Energy I-SPARK currently details the value chains for on-shore wind and utility-scale photovoltaic (PV) solar electricity generation in the U.S. As of 2017, these methods accounted for approximately 6.3% and 1.3% of total generation (megawatt hours), respectively, and are growing rapidly in terms of capacity, generation, and impact on U.S. power markets and energy systems.[footnote ref=”eia_generation_landing_page”] In the future, we aim to add value chains for other electricity generation types (e.g., combined cycle natural gas, rooftop PV, etc.).
On-Shore Wind: In this value chain, we focus on on-shore (as opposed to off-shore) wind turbine systems. In these systems, wind rotates turbine blades, transferring energy to a generator housed, with other components, inside a nacelle. We divide the on-shore wind value chain into two main steps: 1) Turbine Manufacturing, which includes three sub-steps for critical components: Rotor Blade, Nacelle, and Tower, and 2) Project Development and EPC (Engineering, Procurement, and Construction), in which we discuss the processes involved in siting, permitting, financing, and constructing an on-shore wind facility (including construction of balance of plant infrastructure, such as access roads, foundations, substations, etc.).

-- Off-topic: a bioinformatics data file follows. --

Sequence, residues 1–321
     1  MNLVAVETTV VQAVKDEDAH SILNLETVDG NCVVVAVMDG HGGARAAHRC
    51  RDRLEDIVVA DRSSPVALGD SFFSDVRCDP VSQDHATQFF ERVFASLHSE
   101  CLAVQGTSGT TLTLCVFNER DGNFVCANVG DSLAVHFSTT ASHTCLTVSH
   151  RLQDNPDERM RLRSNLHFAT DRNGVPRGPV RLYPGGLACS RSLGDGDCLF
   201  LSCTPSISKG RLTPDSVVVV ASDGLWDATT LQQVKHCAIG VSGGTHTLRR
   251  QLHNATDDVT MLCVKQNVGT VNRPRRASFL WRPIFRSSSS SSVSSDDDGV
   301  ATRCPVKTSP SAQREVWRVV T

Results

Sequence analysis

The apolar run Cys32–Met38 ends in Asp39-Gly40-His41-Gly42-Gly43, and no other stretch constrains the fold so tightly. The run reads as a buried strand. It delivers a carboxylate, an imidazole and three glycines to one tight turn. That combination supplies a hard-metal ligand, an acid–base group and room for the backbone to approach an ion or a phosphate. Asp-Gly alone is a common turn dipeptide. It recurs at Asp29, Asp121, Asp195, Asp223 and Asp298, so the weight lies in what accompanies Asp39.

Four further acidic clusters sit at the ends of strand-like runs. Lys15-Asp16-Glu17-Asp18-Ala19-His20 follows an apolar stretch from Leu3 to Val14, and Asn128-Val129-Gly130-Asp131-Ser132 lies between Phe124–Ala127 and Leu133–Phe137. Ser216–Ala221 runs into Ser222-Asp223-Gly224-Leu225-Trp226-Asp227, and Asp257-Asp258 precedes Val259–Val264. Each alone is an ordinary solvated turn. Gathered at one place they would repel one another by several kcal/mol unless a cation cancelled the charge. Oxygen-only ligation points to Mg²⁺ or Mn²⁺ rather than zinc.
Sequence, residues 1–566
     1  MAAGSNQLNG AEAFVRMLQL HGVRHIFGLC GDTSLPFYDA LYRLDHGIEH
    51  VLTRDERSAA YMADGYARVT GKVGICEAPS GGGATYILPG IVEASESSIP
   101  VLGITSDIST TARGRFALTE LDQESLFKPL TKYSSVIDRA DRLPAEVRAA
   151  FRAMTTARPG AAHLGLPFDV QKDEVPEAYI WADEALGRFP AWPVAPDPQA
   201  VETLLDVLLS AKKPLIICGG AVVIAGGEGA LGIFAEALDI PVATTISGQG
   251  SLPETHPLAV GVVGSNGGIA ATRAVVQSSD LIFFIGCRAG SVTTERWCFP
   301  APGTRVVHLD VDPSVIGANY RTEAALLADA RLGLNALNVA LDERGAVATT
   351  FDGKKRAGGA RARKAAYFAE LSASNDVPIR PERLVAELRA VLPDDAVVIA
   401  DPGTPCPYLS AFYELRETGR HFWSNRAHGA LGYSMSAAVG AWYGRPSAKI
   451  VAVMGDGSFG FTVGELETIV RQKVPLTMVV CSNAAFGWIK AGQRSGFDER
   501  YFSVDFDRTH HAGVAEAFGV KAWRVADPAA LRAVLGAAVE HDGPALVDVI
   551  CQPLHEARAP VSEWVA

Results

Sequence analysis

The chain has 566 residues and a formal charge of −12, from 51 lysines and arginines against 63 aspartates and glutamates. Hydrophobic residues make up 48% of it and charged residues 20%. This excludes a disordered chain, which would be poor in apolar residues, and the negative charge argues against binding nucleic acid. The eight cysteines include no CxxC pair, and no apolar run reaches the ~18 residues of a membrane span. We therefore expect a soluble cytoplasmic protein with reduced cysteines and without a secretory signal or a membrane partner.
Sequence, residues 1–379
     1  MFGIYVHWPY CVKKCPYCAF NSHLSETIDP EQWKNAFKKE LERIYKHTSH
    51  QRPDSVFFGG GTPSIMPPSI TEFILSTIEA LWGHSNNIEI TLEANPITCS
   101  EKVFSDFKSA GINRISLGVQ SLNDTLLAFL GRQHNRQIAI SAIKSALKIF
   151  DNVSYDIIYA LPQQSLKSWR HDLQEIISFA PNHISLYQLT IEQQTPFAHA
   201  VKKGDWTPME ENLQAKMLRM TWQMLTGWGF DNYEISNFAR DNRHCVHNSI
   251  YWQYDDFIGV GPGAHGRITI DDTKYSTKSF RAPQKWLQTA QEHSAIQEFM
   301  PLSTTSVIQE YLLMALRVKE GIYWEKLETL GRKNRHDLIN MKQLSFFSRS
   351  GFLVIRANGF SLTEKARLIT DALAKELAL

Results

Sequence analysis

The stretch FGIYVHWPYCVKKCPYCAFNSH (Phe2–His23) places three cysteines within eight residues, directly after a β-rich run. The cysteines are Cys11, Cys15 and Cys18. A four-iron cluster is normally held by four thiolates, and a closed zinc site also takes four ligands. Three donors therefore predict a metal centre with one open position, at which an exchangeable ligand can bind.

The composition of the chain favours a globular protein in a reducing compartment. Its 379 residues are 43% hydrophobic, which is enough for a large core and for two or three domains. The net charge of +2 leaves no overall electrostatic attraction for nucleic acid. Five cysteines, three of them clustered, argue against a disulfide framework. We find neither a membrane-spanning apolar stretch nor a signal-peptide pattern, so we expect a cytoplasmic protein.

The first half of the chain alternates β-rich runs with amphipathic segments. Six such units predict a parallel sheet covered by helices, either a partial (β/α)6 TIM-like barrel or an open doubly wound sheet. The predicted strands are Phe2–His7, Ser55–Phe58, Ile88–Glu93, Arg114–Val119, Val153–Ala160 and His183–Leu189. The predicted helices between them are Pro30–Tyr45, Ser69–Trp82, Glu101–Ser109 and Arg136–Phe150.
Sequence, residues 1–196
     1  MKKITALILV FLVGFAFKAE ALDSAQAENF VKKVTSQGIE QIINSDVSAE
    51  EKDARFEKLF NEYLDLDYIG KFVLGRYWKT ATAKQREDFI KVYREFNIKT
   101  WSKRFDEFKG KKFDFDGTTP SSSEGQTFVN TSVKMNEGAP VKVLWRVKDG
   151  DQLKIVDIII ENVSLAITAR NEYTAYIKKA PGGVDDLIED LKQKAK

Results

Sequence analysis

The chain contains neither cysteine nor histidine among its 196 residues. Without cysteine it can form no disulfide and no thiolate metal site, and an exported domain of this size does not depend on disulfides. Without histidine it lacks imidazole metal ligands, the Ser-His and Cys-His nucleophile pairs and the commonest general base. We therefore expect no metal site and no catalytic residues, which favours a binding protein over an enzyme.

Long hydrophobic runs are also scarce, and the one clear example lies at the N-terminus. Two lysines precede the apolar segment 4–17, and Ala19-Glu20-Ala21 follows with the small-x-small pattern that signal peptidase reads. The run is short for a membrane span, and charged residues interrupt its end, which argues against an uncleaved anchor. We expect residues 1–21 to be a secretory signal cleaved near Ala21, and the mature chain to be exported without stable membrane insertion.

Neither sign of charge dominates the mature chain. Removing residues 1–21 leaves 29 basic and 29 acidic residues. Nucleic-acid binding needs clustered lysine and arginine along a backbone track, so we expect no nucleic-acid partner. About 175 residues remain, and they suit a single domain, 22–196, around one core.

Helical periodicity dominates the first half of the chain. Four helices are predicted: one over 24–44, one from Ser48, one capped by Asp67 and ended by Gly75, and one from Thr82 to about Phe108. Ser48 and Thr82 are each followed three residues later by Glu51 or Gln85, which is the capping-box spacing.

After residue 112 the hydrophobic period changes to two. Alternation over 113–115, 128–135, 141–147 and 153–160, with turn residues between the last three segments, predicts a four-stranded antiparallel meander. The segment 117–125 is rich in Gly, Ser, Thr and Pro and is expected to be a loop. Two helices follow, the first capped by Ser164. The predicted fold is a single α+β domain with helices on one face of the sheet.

Utility-Scale PV: In this value chain, we focus on utility-scale solar power generated using photovoltaic (PV) technology. Photovoltaic materials convert solar radiation to electric energy when photons (particles of light) knock electrons free from atoms, generating a flow of electricity; this process is known as the photovoltaic effect. We divide the utility-scale solar value chain into three steps: 1) Module Manufacturing, which details the processes of manufacturing crystalline silicon and thin film PV modules and their intermediate components, 2) Balance of System, which describes the processes of manufacturing other key components of a PV system, particularly inverters and racking, and 3) Project Development and EPC (Engineering, Procurement, and Construction), in which we discuss the processes involved in siting, permitting, financing, and constructing a utility-scale PV facility.
The figure below, highlights in blue the flows of energy, money, and knowledge between the actors associated with electricity generation value chains.
Select On-Shore Wind or Utility-Scale PV from the Generation Technologies drop-down menu above to bring up a page with summary information on the value chain, or follow the drop-down menu directly to a specific value chain segment (e.g., Module Manufacturing). After choosing a value chain segment, select a data category to view more detailed information (i.e., descriptive information, innovative outcomes, strategic conditions, knowledge conditions).